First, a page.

What are posadas? An explainer of this beautiful Latino tradition.

Los Angeles, CA - December 22:Children take turns smashing a piñata at Olvera Street in Los Angeles Thursday, December 22, 2022. The piñata is part of the Las Posadas nightly procession from Dec. 16-23 which includes statues of Mary and Joseph being carried making stops at businesses along the street. (Photo by David Crane/MediaNews Group/Los Angeles Daily News via Getty Images)

By Araceli Cruz

November 21, 2023

Posadas are like Christmas caroling, except our tradition is more like a fiesta—and we wouldn’t have it any other way!

For many in the Latino community, celebrating the birth of Jesus Christ doesn’t solely happen on Christmas Day. Instead, we like to commemorate the entire journey that Joseph and Mary made from Nazareth to Bethlehem—by having a Christmas party for nine straight days, otherwise known as posadas. Posadas can be considered the equivalent of Christmas caroling, except our tradition is more like a fiesta. 

The word “posada” is Spanish for lodging, accommodation, inn, etc. This religious festival is celebrated in Mexico and the US, begins on Dec. 16, and lasts through Dec. 24—nine days leading up to the birth of Jesus.

However, posadas can generally take place any time during the month of December because who doesn’t love holiday parties? And, just like Easter, Latinos like to go all out when it comes to posadas, which means reenacting scenes that involve Jesus, Mary, and Joseph will most likely be part of the fiesta. 

Los Angeles, CA – December 22:Visitors watch the Las Posadas procession along Olvera Street in Los Angeles Thursday, December 22, 2022. The Las Posadas nightly procession from Dec. 16-23 includes statues of Mary and Joseph being carried making stops at businesses along the street. (Photo by David Crane/MediaNews Group/Los Angeles Daily News via Getty Images)

The purpose of posadas is to commemorate the journey that Joseph and Mary made from Nazareth to Bethlehem in search of a safe refuge where Mary could give birth to the baby Jesus. When they were unable to find lodging in Bethlehem, Joseph and Mary were forced to seek shelter in a stable where the Christ Child was born.

I have fond memories of participating in posadas, where people would dress up and lead a procession to various houses (typically to people who are expecting you). A child dressed as an angel would lead the procession, with musicians and singers following behind, and we’d all have a candle in hand.

We’d sing outside someone’s home with the hope that they’d give us shelter—just like how Joseph and Mary asked for lodging. But this ritual doesn’t always include a warm welcome. Just as Joseph and Mary were rejected during their journey, posada participants may have to go to another house until someone lets them in. It’s a scripted tradition but fun for children because sometimes we had no idea if anyone would let us in!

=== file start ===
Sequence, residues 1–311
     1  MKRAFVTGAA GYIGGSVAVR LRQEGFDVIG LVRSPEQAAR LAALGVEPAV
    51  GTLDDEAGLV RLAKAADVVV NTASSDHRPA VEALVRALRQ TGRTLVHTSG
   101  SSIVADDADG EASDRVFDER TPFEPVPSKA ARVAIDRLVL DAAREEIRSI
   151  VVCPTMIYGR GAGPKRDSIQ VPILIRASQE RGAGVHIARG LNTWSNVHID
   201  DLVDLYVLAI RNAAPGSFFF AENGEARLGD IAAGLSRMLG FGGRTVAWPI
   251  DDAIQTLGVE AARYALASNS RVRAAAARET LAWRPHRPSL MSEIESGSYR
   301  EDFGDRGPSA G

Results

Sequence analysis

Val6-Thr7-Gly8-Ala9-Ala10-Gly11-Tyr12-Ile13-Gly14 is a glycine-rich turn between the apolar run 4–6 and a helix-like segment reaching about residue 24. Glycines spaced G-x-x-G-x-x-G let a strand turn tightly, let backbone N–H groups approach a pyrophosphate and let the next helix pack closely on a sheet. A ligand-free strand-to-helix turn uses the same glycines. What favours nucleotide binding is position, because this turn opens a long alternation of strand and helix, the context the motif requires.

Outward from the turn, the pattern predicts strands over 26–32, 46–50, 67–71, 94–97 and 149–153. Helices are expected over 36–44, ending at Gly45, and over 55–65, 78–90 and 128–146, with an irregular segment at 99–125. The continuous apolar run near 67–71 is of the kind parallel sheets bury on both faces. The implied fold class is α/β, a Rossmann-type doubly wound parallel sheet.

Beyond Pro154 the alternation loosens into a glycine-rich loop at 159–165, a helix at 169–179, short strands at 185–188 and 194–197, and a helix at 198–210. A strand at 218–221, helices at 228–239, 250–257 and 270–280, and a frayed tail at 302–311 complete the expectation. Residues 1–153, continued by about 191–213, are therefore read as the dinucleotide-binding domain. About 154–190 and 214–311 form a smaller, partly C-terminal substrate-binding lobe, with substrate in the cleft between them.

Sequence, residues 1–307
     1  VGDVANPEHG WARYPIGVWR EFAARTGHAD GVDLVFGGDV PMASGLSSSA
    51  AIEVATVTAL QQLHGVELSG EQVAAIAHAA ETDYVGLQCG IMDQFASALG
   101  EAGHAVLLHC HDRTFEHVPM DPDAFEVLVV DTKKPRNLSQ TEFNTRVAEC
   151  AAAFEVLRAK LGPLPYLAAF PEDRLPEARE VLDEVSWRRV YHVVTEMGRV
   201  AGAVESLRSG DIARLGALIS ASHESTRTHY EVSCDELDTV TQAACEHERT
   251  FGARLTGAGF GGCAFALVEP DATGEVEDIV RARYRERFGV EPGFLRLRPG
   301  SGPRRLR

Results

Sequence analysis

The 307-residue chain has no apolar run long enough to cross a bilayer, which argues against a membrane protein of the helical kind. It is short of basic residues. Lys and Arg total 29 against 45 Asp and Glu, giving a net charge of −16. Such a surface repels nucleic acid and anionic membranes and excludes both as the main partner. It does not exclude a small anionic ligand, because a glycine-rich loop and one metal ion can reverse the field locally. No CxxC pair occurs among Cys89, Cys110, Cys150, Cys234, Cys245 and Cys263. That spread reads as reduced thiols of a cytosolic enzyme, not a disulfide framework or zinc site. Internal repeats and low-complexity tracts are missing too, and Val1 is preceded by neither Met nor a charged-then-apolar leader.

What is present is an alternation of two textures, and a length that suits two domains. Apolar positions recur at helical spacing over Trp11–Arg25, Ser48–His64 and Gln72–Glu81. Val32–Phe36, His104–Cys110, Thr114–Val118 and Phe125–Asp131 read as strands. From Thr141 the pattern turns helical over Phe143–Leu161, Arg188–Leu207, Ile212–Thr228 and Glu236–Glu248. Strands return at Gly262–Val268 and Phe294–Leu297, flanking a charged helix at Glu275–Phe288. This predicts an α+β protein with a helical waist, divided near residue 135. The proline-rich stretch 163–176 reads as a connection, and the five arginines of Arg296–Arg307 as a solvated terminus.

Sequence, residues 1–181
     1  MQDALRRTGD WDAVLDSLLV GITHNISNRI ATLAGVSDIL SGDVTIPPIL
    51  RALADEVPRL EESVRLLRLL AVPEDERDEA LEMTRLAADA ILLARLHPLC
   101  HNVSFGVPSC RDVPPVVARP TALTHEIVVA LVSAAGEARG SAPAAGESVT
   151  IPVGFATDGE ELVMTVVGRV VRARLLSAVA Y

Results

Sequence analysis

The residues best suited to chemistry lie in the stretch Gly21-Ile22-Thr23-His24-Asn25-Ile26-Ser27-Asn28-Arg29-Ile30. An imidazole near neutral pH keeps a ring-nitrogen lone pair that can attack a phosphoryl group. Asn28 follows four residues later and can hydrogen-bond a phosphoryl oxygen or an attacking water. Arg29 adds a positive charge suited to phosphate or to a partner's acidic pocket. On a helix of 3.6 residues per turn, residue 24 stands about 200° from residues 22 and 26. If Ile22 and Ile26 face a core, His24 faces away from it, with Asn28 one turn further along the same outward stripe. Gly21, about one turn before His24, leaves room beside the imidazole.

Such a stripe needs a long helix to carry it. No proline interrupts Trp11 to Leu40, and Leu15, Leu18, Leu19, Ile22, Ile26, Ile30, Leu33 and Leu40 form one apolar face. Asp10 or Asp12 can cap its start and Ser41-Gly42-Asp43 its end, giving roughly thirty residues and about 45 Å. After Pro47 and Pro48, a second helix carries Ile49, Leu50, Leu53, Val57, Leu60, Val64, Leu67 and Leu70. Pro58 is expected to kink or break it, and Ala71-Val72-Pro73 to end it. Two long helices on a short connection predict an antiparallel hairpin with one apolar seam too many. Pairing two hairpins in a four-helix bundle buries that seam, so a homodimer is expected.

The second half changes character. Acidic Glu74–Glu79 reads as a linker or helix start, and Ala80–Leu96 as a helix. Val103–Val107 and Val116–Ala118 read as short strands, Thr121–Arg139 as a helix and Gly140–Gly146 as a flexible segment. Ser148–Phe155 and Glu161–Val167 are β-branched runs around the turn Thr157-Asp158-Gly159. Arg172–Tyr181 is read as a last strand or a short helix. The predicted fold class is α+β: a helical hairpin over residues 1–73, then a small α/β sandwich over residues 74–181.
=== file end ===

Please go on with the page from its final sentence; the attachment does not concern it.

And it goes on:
Los Angeles, CA – December 22:Singers in traditional costume are part of the Las Posadas along Olvera Street in Los Angeles Thursday, December 22, 2022. The Las Posadas nightly procession from Dec. 16-23 includes statues of Mary and Joseph being carried making stops at businesses along the street. (Photo by David Crane/MediaNews Group/Los Angeles Daily News via Getty Images)

Eventually, when a host lets in the people in the procession, they are welcomed with warm treats like hot chocolate, champurrado, or pan dulce—and if they’re really lucky, they get to break a piñata.

Posadas are a joyful participatory event that allows people to gather during the holidays and sing holiday songs. It’s OK to make the event all your own, so feel free to sing any holiday song you want!

Depending on the guests and organizers, you can make a posada super religious or not, which means you can include scripture verses during or after the singing or leave them out. 

Posadas can be whatever you’d like, but always remember to be respectful and not make a mockery of this beautiful Latino tradition. That means don’t wear stereotypical Mexican attire, and if you don’t know the Spanish songs, just stick to the English holiday songs. 

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Author

  • Araceli Cruz

    Araceli is Copper Courier's social media manager. Her past work has been published in The Guardian, Teen Vogue, Refinery29, Mic, The Cut, Zora, The Village Voice, Rolling Stone, and others.

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